According to the British Computer Society's glossary, a database "is a (large) collection of data items and links between them. structured in a way that allows it to be accessed by a number of different applications programs".
At a very simple level, a database can be a collection of names and their associated phone numbers, like you might have on your mobile phone, or it could be the details of members in a local club kept in a book. It could be a larger set of details, like you might find in the Yellow Pages. It could be a collection of records about patients that are kept in a doctor's surgery, or a set of tax records for all of the companies in the UK, or the records about criminals and crimes that the police keep, or details about the stock kept in a supermarket and so on. In fact, when you start looking, databases are absolutely everywhere and used by many different kinds of people regularly.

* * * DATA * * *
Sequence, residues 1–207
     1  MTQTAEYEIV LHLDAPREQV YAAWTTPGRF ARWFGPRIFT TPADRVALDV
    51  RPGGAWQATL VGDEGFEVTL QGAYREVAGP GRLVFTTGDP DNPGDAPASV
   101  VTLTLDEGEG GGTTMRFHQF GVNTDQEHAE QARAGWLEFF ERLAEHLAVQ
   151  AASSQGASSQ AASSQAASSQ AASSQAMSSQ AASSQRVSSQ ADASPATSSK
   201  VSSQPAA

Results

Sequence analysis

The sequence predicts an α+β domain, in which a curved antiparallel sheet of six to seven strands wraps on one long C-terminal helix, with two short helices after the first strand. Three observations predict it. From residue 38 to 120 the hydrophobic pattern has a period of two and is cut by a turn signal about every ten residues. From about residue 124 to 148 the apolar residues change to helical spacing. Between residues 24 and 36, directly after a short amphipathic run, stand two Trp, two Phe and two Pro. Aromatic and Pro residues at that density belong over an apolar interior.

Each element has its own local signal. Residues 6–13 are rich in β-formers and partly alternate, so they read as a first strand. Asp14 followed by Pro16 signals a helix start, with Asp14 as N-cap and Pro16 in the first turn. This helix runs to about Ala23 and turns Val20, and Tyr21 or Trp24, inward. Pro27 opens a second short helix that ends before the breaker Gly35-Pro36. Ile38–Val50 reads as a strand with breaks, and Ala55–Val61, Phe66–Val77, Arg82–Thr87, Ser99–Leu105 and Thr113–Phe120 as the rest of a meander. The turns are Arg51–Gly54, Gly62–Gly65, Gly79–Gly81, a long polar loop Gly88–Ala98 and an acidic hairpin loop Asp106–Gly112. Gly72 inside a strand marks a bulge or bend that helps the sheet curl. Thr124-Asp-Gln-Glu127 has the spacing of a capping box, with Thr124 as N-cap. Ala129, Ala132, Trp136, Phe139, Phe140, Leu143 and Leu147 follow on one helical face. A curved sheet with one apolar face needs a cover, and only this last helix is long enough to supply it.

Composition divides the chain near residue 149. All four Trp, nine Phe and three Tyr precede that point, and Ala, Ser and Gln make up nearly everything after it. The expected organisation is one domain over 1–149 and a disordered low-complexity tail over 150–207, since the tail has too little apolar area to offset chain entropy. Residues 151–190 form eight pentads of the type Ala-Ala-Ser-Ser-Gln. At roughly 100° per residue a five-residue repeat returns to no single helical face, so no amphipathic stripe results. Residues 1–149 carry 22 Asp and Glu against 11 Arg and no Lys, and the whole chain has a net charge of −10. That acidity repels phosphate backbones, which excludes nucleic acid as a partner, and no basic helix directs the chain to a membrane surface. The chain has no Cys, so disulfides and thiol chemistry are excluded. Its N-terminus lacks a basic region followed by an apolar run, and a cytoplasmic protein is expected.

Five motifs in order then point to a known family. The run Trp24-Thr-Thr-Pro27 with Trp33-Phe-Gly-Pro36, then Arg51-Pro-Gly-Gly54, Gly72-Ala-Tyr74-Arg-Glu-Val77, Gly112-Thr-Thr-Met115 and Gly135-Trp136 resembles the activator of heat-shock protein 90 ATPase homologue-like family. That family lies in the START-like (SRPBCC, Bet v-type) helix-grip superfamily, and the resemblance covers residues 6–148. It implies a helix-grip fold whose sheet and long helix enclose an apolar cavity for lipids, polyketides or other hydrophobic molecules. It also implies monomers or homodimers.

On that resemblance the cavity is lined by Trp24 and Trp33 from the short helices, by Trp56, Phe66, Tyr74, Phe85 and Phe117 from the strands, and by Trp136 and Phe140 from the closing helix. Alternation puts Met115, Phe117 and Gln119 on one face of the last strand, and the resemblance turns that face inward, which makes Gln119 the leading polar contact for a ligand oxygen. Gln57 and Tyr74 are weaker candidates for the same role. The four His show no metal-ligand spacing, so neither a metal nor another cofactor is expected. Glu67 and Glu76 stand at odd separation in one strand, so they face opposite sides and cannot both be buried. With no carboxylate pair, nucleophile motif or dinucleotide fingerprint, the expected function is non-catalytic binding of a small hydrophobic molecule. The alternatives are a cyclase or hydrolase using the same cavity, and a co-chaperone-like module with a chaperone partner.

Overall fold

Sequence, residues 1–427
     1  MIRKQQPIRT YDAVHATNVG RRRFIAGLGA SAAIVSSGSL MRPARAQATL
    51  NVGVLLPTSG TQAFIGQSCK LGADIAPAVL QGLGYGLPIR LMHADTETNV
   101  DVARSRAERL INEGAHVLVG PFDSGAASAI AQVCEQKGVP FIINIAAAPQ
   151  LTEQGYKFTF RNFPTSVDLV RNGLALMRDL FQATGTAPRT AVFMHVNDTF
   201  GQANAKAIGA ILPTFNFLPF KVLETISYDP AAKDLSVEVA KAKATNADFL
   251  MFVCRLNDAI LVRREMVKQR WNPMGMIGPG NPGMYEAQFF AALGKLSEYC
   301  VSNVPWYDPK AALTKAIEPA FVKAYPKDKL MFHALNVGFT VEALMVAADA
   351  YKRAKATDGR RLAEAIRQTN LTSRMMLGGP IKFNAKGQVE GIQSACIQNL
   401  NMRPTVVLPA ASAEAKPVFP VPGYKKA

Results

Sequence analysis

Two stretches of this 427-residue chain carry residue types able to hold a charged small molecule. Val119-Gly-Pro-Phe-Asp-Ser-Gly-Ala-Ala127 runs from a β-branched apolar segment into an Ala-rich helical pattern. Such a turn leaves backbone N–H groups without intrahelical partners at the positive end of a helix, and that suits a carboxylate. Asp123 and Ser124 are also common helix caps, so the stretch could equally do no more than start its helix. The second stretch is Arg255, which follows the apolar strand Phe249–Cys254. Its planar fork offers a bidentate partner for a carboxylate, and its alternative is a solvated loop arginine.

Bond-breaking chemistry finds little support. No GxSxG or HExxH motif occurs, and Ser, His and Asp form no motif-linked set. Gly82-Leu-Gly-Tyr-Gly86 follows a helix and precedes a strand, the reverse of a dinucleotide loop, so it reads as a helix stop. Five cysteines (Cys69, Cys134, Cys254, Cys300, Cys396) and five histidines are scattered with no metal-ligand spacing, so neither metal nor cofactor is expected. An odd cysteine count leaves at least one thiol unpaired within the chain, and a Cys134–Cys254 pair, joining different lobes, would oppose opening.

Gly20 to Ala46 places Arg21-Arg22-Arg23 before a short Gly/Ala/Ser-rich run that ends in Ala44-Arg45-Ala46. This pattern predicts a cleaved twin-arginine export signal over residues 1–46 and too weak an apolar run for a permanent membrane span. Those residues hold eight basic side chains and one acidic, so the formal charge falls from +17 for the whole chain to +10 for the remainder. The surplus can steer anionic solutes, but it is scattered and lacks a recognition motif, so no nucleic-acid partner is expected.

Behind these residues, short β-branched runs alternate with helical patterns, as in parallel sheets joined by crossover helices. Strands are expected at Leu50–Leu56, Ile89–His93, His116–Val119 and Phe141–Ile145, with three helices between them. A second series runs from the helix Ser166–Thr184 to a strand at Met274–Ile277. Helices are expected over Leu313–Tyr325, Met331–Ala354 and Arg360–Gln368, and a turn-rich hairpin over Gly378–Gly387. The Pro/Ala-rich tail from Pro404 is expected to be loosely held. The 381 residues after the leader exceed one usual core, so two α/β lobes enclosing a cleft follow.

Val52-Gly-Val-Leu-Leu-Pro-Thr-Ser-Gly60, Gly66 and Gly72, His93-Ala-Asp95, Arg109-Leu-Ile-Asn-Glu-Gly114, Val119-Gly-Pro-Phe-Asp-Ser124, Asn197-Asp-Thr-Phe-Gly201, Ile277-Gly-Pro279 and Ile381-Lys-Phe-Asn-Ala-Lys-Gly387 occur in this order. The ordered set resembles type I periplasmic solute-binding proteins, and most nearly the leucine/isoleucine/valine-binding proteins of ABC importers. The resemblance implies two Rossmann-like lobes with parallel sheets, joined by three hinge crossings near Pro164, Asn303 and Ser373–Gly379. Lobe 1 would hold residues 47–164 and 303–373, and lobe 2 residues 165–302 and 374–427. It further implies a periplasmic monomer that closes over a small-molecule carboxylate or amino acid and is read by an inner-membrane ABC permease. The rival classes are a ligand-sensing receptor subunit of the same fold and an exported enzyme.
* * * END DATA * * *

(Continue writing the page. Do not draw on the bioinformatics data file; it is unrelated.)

Databases originally were all paper-based. Each piece of information about each person, or a club member, or a company, or a product, for example, was known as an 'attribute'. All of the attributes together (all of the details about a person, a company etc) were known as a 'record' and were collected together and typically written on one card. The record cards were then collected together to form a 'file'. This file was then put into a filing cabinet. Users would then go into it to find information in the records. A 'database' was simply one or more files, so for example, you might have a file for animals' details, another for vets' details, another for all of the zoos in the country and so on. All the files together (although there might only be just one) were known as a database.